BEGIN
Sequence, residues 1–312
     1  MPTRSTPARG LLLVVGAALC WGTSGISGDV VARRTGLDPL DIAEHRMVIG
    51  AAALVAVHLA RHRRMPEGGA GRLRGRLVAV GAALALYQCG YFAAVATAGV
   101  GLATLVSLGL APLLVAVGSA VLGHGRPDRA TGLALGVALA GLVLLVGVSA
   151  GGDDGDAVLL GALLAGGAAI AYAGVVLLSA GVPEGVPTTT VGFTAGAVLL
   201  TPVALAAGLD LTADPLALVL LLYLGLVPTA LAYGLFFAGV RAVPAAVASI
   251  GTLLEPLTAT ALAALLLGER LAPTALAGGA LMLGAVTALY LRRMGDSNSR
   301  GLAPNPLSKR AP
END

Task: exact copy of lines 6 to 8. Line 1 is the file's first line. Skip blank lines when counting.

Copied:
   201  TPVALAAGLD LTADPLALVL LLYLGLVPTA LAYGLFFAGV RAVPAAVASI
   251  GTLLEPLTAT ALAALLLGER LAPTALAGGA LMLGAVTALY LRRMGDSNSR
   301  GLAPNPLSKR AP